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State of the Travel & Tourism Industry

 

 As we are all aware, last year affected every business across the board, but the Travel and Tourism industry suffered some particularly significant losses.

  • The sector lost nearly US $4.5 Trillion globally in 2020, and the US industry lost $766 Billion
  • 62 million jobs were lost around the world
  • Domestic visitor spending declined by 45%, while international visitor spending dropped by 69.4% (World Travel & Tourism Council)

Statistics as grim as those can be overwhelming. How can the industry recover from such a devastating collapse?

Projections are indicating that all is not lost. To paraphrase the opening of The Six Million Dollar Man: “We can rebuild it. We have the technology. We can make it better than it was.”

Domestic and International Travel Outlook for 2021

The short-term industry forecast predicts some interesting trends, with one of the most notable being that domestic tourism will see a boom in 2021. This is mainly due to lingering health concerns: travelers will be much more likely to drive themselves to their destinations as they are worried about contracting the virus while taking public transportation. Other concerns about testing and restrictions that come with international travel - including the possibility of mandatory quarantine upon arrival - are simply too much of an inconvenience, while they also cut into precious vacation time. (We want to relax and unwind, and we want to do it now!) Factors that appealed to future travelers included things like contactless payment options, and digital room keys, indicating residual caution from the past year’s events.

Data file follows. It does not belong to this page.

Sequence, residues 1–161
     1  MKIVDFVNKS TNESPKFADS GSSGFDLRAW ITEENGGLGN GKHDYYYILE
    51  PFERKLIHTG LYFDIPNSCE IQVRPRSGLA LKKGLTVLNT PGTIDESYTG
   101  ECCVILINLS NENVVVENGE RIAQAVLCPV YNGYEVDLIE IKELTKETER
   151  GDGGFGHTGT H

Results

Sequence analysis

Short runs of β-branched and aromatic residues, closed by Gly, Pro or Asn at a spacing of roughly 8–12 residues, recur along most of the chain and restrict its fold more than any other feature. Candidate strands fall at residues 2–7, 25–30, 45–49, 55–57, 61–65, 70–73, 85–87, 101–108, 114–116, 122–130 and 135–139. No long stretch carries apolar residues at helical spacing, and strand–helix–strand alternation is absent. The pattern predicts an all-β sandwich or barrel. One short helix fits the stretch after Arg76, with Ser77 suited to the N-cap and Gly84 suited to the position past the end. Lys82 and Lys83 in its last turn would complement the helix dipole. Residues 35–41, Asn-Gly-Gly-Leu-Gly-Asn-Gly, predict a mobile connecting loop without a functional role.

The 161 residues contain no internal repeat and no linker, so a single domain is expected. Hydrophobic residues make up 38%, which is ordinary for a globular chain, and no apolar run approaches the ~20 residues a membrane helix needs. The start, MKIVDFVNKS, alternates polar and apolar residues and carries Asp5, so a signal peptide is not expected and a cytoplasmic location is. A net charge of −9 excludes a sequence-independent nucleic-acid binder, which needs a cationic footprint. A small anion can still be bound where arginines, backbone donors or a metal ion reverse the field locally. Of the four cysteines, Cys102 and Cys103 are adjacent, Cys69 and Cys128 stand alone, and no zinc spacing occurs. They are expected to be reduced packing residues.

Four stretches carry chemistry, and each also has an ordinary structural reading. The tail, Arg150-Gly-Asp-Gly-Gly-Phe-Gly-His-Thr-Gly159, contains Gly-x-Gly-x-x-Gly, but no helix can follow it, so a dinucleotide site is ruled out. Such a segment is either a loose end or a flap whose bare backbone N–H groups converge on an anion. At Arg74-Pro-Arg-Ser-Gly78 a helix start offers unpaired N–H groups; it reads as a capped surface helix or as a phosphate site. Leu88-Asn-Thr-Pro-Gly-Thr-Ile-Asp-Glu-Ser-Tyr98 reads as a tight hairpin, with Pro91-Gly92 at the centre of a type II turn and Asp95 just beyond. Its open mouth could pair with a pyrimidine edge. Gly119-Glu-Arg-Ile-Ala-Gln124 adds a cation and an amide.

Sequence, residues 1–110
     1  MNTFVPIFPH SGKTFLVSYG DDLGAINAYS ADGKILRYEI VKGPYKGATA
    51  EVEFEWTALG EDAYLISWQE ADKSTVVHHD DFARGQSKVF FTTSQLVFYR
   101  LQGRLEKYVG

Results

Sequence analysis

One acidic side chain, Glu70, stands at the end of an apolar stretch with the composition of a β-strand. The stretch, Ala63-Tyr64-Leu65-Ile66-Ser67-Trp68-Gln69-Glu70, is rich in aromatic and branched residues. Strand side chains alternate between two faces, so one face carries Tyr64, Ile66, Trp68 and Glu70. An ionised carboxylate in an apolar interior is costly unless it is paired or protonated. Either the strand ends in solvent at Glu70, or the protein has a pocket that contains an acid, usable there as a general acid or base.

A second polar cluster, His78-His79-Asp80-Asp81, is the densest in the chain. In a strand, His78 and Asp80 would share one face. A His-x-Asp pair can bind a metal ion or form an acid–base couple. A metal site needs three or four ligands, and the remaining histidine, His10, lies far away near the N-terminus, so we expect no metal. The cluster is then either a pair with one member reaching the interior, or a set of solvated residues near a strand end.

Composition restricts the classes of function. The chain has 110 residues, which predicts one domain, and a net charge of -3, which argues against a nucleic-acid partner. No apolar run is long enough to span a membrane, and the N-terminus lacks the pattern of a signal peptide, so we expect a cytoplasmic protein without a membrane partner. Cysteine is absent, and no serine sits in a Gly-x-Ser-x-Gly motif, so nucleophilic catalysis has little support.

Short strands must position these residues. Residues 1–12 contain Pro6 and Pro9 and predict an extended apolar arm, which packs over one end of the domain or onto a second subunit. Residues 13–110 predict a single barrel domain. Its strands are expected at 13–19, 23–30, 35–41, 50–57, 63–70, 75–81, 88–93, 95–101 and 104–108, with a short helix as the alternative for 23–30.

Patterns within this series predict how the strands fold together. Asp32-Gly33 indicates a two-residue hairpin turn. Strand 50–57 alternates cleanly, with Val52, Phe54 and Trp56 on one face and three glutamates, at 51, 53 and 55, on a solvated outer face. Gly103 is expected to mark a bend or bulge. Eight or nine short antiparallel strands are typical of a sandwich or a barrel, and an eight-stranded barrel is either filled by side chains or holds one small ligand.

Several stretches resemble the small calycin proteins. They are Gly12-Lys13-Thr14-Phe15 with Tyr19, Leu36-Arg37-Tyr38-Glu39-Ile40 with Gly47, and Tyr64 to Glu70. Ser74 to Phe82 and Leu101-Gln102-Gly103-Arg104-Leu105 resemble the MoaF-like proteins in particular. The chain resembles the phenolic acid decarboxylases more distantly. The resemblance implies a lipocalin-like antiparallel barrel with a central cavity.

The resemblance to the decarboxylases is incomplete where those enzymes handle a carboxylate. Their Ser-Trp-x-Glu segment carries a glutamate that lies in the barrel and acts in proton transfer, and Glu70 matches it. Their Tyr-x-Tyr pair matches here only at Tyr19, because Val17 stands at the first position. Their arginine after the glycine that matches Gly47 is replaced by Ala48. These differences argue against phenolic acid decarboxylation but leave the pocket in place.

With that in mind, all points still direct towards an overall desire to travel, even if it is on a smaller scale (for now). According to RMS North America’s 2021 State of the Industry Report, the future for the Travel and Tourism Industry is, in fact, optimistic. After surveying consumers about their plans for both business and leisure travel, they were able to compile the data to build an outlook for the industry for 2021 and beyond. A few key points from this independent research include:

  • An increase of 40% in reservations across parks & hotels from Q1 2020 to Q1 2021
  • The rise in working remotely means that those surveyed are more likely to stay at a traditional hotel or at an Airbnb or VRBO
  • Regarding leisure travel, most respondents (53.4%) are likely to choose to travel locally, either preferring to travel within a driving distance of 300 miles or fewer or to fly domestically

Domestic and International Travel Outlook for 2021

What Does This Mean for Your Travel Agency?

Plenty! Taking into consideration the travel trends for the near future means you can gear your business towards the wants and needs of your clientele, while simultaneously lessening their anxiety surrounding the remaining concerns of the pandemic. This is a win-win for all involved.

Knowing that holidays in 2021 are more likely to be closer to home, the options for booking local, unique travel experiences for your clients provide an opportunity for thinking outside of the box.